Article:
After dropping the mail at the station, I paid a visit to Annie Colson at the Outfitters Store. She was busy getting things ready. Said she didn’t have much time, but she made tea and we sat and chatted. She was happy to be on her own venture now. She worked for long enough at the Highland to get sick of the “Inners” as she called them. The city-slicking guests who dressed up and took for granted room-service in the wilderness. At least with outfitters store at the Algonquin Hotel, she hoped to deal with “Outers” as she calls them, people who know their way around outside.

I went to the east shore of Joe Lake and found a north-facing slope and made my sketch. It was similar to what I had painted a couple of days earlier, but more mature maples this time. There was a number a sap-pails on the trees. I don’t think these were Shannon’s or Ed Colson’s either. I had no idea whose pails these were, so I left them well enough alone.

The water is running hard at Joe Lake Dam. The streams have all broken free of ice. The winter scenes in the woods are becoming tiresome so I think I’ll try some rapids in the next few days.

I heard what I thought was thunder or dynamite. It wasn’t either. It was the lake ice cracking.

April 16, 1917 Letter to Father

April 16 Letter to Father

April 16, 1917

Mowat P.O. Canoe Lake

Dear Father:

I have been up here for two weeks making sketches. Had intended going up home for a day or two before coming here but wanted to be here before the snow was gone so could not spare the time. The lakes are still frozen over and will be for two or three weeks yet and there is still about two to three feet of snow in the bush so I expect to get a lot more winter sketches before the snow and ice are all gone.

Tom Harkness and Walter Davidson were in to see me the day before I came here also Miss Andrews and Low Julian (I don’t know if the last name is spelled properly or not) but I don’t think they enjoyed the show a great deal as they are taking lessons from Manley the worst painter in Canada.

Am stopping at the Post Office here until the ice goes out when I will start to camp again. have tried fishing thru the ice two or three times but have had no success yet have caught some ling which is a cross between an eel and a fish but they don’t use them up here.

I did not send any paintings to the O.S.A. Exhibition this year and have not sold very many sketches but think I can manage to get along for another year at least. I will stick to painting as long as I can.

I got quite a lot done last winter and so far have got some pretty good stuff, since I came here and expected to do a great deal between now and June.

Have not decided if I will stay here the whole summer or not.

Hoping you are all well. I remain your loving son.


April 15, 1917 Ling

April 15, 1917

It’s Sunday today. I thought of going to the Colsons at the Algonquin Hotel. Ed Colson is a lay preacher and they hold a service 11am but I decided to stay back for Annie’s Bible reading.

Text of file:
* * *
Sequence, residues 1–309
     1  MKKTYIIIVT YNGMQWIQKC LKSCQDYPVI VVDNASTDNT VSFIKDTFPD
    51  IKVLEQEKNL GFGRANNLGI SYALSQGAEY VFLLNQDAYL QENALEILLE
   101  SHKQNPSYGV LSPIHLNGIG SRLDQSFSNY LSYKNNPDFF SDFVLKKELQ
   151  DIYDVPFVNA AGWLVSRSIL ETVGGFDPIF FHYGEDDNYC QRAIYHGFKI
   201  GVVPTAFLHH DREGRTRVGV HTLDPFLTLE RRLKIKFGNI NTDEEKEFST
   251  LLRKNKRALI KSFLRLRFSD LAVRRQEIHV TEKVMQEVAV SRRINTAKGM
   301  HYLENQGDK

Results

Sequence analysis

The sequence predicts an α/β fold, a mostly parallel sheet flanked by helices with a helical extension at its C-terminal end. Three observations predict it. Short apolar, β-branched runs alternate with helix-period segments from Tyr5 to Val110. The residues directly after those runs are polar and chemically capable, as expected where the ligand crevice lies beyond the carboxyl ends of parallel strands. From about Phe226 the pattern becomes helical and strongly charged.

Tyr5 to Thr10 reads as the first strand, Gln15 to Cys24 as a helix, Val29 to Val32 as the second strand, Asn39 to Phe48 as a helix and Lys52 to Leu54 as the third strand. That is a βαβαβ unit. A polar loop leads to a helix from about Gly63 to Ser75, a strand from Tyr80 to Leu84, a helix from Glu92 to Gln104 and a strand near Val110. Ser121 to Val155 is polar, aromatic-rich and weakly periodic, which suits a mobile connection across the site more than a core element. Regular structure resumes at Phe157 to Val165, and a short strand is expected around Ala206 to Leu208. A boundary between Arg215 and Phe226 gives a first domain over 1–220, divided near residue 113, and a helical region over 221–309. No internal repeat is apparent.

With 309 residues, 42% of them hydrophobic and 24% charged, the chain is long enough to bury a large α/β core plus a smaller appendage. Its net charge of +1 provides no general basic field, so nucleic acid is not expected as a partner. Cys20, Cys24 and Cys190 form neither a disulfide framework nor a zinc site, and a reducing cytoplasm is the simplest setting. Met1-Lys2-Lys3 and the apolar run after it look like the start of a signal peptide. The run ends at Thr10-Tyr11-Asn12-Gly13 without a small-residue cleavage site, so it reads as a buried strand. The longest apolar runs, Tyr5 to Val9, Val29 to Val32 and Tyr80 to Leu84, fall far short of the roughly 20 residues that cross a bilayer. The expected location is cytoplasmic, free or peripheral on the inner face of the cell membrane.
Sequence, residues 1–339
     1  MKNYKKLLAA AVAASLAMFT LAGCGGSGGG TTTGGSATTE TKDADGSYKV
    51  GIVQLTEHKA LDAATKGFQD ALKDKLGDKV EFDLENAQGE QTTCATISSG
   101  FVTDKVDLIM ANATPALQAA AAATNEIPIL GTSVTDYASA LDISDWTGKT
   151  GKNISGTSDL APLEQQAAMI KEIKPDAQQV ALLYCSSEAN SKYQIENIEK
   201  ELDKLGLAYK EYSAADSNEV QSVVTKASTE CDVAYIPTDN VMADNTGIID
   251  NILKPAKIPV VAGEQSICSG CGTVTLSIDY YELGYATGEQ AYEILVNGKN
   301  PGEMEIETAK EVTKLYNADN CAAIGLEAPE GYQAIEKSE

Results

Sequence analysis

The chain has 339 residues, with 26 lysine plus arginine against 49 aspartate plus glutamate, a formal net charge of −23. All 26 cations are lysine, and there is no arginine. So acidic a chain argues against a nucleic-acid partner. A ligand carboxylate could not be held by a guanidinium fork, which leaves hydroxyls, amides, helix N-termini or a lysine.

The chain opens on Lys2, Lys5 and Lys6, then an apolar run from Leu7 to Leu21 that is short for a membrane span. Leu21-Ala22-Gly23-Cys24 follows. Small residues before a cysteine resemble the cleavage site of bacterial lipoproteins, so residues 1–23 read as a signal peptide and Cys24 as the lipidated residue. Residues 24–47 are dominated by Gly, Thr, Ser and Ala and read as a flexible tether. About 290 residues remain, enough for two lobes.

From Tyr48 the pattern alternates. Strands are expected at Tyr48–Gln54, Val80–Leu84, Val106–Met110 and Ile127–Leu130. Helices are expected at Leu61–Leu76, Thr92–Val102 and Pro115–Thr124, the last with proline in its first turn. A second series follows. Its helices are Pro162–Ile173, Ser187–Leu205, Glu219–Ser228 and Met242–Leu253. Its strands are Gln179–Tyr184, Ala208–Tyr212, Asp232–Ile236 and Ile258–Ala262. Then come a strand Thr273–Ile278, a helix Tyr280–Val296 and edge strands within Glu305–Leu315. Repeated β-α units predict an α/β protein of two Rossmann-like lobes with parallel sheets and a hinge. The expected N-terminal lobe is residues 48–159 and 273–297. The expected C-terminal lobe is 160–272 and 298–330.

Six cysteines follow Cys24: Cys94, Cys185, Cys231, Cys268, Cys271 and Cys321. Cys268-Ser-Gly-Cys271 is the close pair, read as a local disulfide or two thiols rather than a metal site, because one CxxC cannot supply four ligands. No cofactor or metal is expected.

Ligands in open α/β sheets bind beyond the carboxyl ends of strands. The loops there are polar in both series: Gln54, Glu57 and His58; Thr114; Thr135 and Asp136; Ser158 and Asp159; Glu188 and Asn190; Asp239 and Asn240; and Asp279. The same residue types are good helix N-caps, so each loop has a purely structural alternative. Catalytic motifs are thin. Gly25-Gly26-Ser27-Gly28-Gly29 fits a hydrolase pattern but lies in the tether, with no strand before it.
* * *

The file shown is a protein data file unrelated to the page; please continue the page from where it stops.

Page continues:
Despite its larger population in its glorious history, Mowat Village never had a decent church. Despite the village being named after the Provincial Premier, Oliver Mowat, it never gained any stature. There were missionaries that came to minister to the souls of the village – that’s how the Trainor cottage, the “Manse,” got its name, but a church was never established. The leases down by the shore were once owned by a Reverend Turk, a Methodist minister from Owen Sound. The Manse was large enough to hold services for those interested, which wasn’t very many. Back in the day, there were a lot of French Canadians in Mowat Village. They didn’t have a priest or a church either. And I’m sure that the Methodists just assumed that the French, being Catholics, were destined to Hell and not worth saving.  Thus the French never viewed the area as being home, and  were the first to clear out when the village began its decline. Shannon said there were are a few left when he first arrived in 1907, but they were gone soon after. “Gone to Hell, I think,” Shannon said.

A couple of years ago I asked my parents if they ever heard of Rev. Turk in Owen Sound. The answer was an emphatic. “No! Why would we know any Methodists? They’re worse than the Baptists!” Rev Turk, according to Shannon, was an odd missionary and that he was rather ‘loose in his beliefs.’ I thought this was a judgemental statement by Shannon, because his belief system, in my view, was on one of the lower rungs of the religion ladder.

Rev. Turk finally came to his senses in 1910 and decided to leave his calling and cash out his village investments. He had a lease on a large shore lot, and sold part to the Blechers (the southern part), another part to the Trainors (the Manse on the southern part) and, between these two, another lease to the Hayhursts. The result was three unrelated vacationing families, living in close quarters by the shore. In the evenings, there was much entertainment to be had on the verandah at Mowat Lodge. Shannon has a pair of field glasses, and the pastime of many evenings was to pass these glasses around to observe the comings-and-goings near the shore. The Blechers were especially entertaining because the younger ones would fight like roosters. Once there was something floating in the lake; it took the field glasses to discern that it was a chair that originated from inside the Blecher household. Over time, the passing of the field glasses become an illicit and secret ritual known only to the Mowat Lodge residents. Everyone was forced to swear not to reveal this secret to the cottagers down by the shore. Shannon was gracious enough to let the consumptives in on the secret;  it helped them to pass the time while on doctor’s orders.